TRANSPORT, HIGHWAY & AIRPORT INQUIRIES _ ARE WE BEING TAKEN FOR A RIDE?

Introduced by Prof. Stephen Crow CB, Cardiff University, ex-Chief Planning Inspector on 12 October 1999

As `inquisitions', inquiries have their root in the 9th and 10th centuries; they are older than Courts of Law, and are administrative, not legal proceedings. The modern form evolved at the time of the Enclosure Acts in the early 19th century, when one man assembled the proofs of facts concerning a dispute and reported to Parliament or a Government department. The 1909 Planning Act established the adversarial format. Today, town and country planning appeals and inquiries are the most numerous, although public enquiries are set up for a variety of purposes.

Appeals use one of three procedures: Written representations, hearings or local inquiries. The key document to study if involved in an appeal is the DOE Circular 15/96 Planning Appeal Procedures. The procedure described in it is typical of that used at most inquiries. There are Rules covering pre- and post-inquiry procedures, who may "appear" and procedure during the inquiry. Their object is that evidence of one side should not come as a surprise to the other.

Highway inquiries hear objections from `statutory' objectors (affected by the proposed route) and others. The Franks report of 1957

required inspectors, who are now appointed by the Lord Chancellor not the Government department involved as they previously were, to observe the three principles of Openness, Fairness and Impartiality.

Roads have always been authorised by statutory order, but until recently canals, railways and tramways had to get a Private Bill passed by Parliament. This resulted in the Parliamentary Committee becoming a (tedious) public inquiry. Also there seemed no good reason why a long motorway could be built by one procedure but not even a short railway. The outcome was the Transport & Works Act 1992, a hybrid between the two procedures. The Secretary of State can make an order but it requires an affirmative resolution of each house of Parliament before it comes into effect. The promoter pays a substantial fee. For `nationally significant' schemes the houses of Parliament debate the draft order. Planning permission still has to be obtained from the local authority, who consider the environmental impact.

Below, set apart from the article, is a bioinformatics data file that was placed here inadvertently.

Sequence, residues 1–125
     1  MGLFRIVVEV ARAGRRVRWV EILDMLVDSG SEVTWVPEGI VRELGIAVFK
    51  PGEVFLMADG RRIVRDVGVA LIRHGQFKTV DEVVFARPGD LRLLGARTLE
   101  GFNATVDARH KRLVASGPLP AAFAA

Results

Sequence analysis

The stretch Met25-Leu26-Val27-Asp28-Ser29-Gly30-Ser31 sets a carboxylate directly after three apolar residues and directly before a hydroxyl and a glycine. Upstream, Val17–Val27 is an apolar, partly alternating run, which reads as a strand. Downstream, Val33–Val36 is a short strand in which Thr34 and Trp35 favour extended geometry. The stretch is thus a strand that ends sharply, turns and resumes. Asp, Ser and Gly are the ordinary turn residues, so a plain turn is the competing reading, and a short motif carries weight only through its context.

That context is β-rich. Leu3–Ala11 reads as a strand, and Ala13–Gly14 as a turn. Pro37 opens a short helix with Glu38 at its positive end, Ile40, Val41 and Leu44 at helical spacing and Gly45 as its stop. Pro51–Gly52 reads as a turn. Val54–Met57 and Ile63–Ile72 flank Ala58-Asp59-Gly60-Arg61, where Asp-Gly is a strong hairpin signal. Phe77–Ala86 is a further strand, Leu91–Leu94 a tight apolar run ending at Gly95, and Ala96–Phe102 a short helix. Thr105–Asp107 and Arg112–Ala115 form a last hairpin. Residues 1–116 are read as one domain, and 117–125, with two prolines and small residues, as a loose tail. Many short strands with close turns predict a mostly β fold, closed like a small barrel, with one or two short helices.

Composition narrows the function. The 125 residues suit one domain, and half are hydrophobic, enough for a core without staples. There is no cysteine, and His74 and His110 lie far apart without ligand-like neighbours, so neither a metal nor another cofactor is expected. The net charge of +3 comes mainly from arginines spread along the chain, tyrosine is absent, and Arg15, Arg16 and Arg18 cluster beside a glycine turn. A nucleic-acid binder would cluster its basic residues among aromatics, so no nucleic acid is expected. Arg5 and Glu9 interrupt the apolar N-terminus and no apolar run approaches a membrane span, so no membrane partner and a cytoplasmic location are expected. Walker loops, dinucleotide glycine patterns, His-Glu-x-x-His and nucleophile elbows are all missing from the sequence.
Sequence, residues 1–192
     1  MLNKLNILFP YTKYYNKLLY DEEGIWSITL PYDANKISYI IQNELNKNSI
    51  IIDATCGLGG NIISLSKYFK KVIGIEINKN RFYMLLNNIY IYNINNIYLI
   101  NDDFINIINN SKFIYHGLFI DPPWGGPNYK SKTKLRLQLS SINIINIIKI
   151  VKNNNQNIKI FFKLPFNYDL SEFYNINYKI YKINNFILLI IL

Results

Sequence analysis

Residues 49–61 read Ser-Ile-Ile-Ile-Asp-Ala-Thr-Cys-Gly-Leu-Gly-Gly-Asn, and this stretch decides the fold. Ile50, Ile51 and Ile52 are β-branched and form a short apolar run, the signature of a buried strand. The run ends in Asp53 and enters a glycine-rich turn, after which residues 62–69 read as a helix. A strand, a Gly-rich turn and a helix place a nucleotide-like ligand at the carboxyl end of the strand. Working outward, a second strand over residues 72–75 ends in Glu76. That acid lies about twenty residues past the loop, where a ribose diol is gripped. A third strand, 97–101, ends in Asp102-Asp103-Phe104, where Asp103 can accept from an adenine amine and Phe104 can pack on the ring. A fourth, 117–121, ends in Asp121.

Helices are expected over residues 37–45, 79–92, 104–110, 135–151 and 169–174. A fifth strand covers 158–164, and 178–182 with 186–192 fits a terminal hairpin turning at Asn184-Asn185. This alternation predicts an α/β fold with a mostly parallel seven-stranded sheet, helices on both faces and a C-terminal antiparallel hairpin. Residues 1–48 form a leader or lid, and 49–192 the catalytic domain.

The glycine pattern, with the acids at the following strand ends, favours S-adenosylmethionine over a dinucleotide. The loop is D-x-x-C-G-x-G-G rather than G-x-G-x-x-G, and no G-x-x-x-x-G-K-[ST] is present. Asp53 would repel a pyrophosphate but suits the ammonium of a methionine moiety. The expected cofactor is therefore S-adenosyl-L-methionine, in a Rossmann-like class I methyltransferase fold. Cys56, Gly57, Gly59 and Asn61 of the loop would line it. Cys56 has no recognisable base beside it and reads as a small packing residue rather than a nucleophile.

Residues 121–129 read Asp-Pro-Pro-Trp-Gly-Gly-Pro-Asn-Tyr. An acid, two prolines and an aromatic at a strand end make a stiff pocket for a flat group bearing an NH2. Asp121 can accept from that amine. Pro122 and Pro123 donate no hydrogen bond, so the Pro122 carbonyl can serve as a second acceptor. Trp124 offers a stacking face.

Most inquiries last less than a week and less than 10% of planning appeals, for example, result in an inquiry; but some go on for years _ Stansted airport 258 sitting days; Sizewell B nuclear power station, 340; Heathrow Terminal Five, 524 (over 4 years). Partly, this is caused by the inquiry including many related proposals: Heathrow T5 building needed only normal planning permission but the access to it involved 21 planning applications, 6 highway orders, 2 TWA applications, 5 compulsory purchase orders.....etc., and was at the expense of the taxpayer, except for the TWA applications.

A recent Consultation Paper (May 1999) Streamlining the processing of major projects through the planning process makes suggestions, including preventing undue prolixity and repetition, but `hanging all the lawyers' may not be fair to both sides. Informal hearings and public examinations, provide alternative methods, which are quicker and cheaper but not necessarily fair and thorough. The speaker suggested in this consultation the adoption of a two-stage procedure: adoption of the policy by Parliament followed by an inquiry limited to `statutory' objectors.

He provided copies to the audience of his paper The Authorisation of Major Projects _ can we improve on the Public Inquiry? which included a supplement Advocacy and Evidence giving advice on `appearing' at an inquiry.

The discussion raised various points:

The imbalance between the resources of Government departments and objectors, who may be small local authorities or private persons.

The limitation on discussing the strategic implications of a proposal, e.g. the need for the development, safety aspects or whether the road is part of a Euro-route (such information may only be obtained in Brussels, although filed in London but not made available by the Government department).

The cost to objectors of a long inquiry where the applicant is a major company, e.g. BAA.

Don Lovell